There is a road in Japan that plays music as you drive over it. It’s a road that passes by one of the most photographed yet seldom-seen natural wonders of the world.
Further down that road hundreds of people queue for hours to take an Instagram selfie in absolute solitude. Beyond that is a place where 70,000 people sing John Denver’s ‘Take Me Home Country Road’ together, like an impromptu Guinness World Record karaoke.
That all may sound like an acid trip, but this is what passes for reality in Japan, a country that is both exotic and intoxicating.
WhichCar flew to Japan to drive a new Land Rover Discovery variant, one with all the on- and off-road capabilities of a ‘normal’ Discovery large 4WD, with added touches to commemorate the Rugby World Cup taking place in Japan at the time.
Land Rover has been a Worldwide partner of rugby for more than two decades. The company feels that rugby’s passion for life, its commitment to diversity and community, and its core values of integrity and teamwork are all qualities that resonate with the Land Rover brand.
In my mind, rugby has an honesty too that is sometimes lacking in other football codes and which rewards hard work. Two other qualities that every Land Rover vehicle expounds.
This trip through Japan adds another chapter to my Land Rover experiences. I’ve driven Land Rovers and Range Rovers on dirt highways across and around the middle of Australia, through muddy bogs in the Welsh countryside, even through a gutted Boeing 747 whose interior had been transformed into a 4WD playground for a day.
But none of this prepares me for this unique trip through Japanese culture from Tokyo to Mount Fuji and back in time for the Rugby World Cup Final in Yokohama.
As road trips go, this one in a Land Rover Discovery appears to be jinxed from the beginning. By me. Arriving in Narita International Airport a week out from the final, I only had myself to blame for the All Blacks’ shock semi-final loss to England. I’d bragged to my family back in New Zealand about how I was going to watch the ABs win a World Cup.
Anyone who knows a Kiwi knows that rugby is more than that nation’s pastime; it’s a religion worshipped by hundreds of thousands every weekend. The sport regularly makes newspaper front pages in New Zealand. Its finest proponents are deified, and scandals inevitably result in ex-communication. Or worse, emigration to Australia.
So to boast about my good fortune was to tempt the rugby gods, and they unleashed their wrath in the form of pint-sized ex-Australian coach Eddie Jones. The now coach of England devised a strategy that saw New Zealand’s attacking backline neutered and its thundering forwards hobbled.
And so it was that New Zealand, the overwhelming favourite going into the tournament, was bundled out in the semi-final. Which meant I was going to Japan to watch England play South Africa. Well, at least it wasn’t Australia.
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I fly into Narita airport to join the mass of humanity that is Tokyo. This teeming metropolis is home to 38 million people, and the two-hour drive from Narita to downtown Tokyo is an endless parade of congested high-rise apartments, heady corporate buildings and raised motorways.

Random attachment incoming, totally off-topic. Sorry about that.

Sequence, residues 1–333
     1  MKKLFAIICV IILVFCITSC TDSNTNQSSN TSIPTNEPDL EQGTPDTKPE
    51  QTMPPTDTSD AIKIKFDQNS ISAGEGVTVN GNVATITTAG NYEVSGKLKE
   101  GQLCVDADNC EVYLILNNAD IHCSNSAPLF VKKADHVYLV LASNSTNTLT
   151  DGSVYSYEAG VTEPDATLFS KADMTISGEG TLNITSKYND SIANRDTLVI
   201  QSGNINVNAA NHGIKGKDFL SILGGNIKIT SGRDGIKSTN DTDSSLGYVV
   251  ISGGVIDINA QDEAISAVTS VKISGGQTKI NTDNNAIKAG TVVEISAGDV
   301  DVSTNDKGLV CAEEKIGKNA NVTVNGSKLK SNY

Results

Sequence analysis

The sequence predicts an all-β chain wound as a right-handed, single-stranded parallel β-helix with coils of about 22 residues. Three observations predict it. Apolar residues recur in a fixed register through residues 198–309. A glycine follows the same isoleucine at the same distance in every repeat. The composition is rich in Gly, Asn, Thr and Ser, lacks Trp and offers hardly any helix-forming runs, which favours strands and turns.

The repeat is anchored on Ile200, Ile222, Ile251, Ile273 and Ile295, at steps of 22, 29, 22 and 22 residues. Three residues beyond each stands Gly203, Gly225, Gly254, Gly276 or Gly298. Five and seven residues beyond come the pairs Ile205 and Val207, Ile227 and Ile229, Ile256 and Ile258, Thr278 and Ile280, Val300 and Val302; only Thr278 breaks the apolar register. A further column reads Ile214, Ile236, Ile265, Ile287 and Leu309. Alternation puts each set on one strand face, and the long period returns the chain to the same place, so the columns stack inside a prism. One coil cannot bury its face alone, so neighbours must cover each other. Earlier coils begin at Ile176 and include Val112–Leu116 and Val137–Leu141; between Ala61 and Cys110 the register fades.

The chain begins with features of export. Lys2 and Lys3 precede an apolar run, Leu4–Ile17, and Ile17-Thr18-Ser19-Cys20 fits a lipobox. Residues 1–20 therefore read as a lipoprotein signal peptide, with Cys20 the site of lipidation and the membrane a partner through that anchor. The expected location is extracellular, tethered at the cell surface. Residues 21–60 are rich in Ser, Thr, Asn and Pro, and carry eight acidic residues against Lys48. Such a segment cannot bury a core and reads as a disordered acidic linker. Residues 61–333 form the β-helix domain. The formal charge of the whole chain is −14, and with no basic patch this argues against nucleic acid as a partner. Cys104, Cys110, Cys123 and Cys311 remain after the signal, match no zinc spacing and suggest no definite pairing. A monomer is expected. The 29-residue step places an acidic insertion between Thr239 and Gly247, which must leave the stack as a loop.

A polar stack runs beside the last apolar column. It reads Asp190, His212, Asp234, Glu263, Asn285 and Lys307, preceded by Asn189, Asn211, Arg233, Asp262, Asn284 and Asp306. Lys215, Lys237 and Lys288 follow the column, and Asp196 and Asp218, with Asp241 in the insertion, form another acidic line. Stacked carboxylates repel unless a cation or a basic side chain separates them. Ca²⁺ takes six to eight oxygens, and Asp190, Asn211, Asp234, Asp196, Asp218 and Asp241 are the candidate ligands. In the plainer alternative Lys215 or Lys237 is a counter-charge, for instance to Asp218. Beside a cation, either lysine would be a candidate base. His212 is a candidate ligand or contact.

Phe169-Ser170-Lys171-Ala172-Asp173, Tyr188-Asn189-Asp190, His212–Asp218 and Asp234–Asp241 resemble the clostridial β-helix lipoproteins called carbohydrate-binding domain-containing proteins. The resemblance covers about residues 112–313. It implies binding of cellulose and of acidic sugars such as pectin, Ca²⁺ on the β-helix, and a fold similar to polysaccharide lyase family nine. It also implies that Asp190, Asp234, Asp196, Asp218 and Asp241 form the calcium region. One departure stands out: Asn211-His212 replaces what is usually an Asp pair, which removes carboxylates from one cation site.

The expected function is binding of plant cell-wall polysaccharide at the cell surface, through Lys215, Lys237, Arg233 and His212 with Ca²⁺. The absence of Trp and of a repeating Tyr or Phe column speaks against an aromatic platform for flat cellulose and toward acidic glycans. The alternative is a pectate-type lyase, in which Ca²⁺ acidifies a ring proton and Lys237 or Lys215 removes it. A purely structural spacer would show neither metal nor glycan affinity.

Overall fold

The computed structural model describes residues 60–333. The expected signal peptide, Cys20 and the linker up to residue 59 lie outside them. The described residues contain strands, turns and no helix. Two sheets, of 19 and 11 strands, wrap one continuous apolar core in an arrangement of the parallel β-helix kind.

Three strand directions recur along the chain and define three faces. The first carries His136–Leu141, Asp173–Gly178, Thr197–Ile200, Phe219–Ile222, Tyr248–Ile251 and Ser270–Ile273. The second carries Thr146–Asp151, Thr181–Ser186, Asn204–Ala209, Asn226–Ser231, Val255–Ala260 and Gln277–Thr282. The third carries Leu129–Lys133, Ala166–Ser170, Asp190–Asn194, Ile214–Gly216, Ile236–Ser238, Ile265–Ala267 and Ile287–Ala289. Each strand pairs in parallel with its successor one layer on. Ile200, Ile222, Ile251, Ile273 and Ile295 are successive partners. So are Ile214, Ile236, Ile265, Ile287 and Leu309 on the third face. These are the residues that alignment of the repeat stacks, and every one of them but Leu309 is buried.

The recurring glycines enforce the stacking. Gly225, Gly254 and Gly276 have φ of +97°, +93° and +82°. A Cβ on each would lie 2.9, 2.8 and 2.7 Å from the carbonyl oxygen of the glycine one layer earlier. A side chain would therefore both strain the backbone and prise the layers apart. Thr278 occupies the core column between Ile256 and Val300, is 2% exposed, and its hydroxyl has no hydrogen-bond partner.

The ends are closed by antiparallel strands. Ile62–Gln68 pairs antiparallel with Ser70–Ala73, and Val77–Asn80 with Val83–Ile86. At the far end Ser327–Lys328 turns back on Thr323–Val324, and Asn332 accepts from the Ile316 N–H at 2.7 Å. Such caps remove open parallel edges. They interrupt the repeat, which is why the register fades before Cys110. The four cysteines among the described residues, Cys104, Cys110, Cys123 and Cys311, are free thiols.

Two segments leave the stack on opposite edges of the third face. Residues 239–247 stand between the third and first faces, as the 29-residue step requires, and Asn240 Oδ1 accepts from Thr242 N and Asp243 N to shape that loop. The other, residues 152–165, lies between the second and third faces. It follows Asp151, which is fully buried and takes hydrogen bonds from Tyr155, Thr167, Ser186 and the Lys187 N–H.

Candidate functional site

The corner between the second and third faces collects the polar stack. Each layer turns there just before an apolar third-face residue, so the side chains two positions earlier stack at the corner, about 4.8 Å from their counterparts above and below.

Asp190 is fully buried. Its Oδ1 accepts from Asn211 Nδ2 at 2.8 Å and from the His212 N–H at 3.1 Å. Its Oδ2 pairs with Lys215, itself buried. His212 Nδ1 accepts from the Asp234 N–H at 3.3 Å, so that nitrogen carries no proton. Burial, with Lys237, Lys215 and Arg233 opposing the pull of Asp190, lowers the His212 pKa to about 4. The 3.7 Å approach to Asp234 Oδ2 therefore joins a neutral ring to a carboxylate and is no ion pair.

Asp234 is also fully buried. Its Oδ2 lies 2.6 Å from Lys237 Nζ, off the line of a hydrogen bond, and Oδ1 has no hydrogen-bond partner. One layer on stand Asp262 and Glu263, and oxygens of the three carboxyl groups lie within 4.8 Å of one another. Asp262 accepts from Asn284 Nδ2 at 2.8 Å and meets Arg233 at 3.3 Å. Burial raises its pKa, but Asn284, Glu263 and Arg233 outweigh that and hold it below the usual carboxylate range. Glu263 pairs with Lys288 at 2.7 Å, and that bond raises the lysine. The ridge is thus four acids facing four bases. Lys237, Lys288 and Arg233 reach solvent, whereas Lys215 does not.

The next day I board a Rugby World Cup 2019 Limited Edition Land Rover Discovery SD6 HSE and headed for Mount Fuji, the world’s most recognisable mountain.
Mount Fuji is far from the tallest - its 3776m peak doesn’t even make the top 100 - but this active volcano’s white-topped cone and the complete absence of any other mountains nearby make it impossible to miss.
Our first stop on the journey is a lake-side Shinto shrine just outside the town of Hakone. The shrine itself is hidden a few hundred metres away in a dense cedar forest, and there’s an unmistakable feeling of mysticism in the air walking on its hallowed grounds.
The shrine was first built on the summit of Mount Hakone in the 700s before being relocated to its current location in 1667. These days it’s popular with visitors, although most are drawn here by a huge red lakeside gate - or Torii in Japanese - which is the spot for thousands of selfies every day.
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Anyone who’s ever been to Japan knows they are an unfailingly polite nation. Kindness and consideration are at the core of Japanese ethics - it has to be for civility to survive in a country where 127 million people live in an area 1.5 times the size of Victoria.
So it’s no surprise that an orderly queue had formed leading out to the Torii, hundreds of people wait patiently to walk out alone under the Torii and take the ultimate selfie with the lake as a backdrop.
I didn’t have the time or patience to wait my turn, so leaving the Instagram influencers to their vigil, I head around the lake and up onto the Hakone-Ashinoko Skyline proper.
This serpentine mountain road is iconic with car nerds and will be instantly familiar to anyone who’s ever watched the Fast and the Furious. But, just in case you miss its importance to the world’s drifting fanatics, the thick black carpet of drift marks on most corners is a dead giveaway.
The Hakone Skyline is 90km south-west of Tokyo, almost at the foot of Mount Fuji. It’s a tollroad with one unique feature, apart from the spectacular views of Mt Fuji and also Ashinoko Lake. The road plays music as you drive over it.
The Japanese call these Melody Roads, and the country has more than 30. Different depth and width grooves are cut into the road in such a way that they emit musical notes when your tyres roll over them at 40km/h.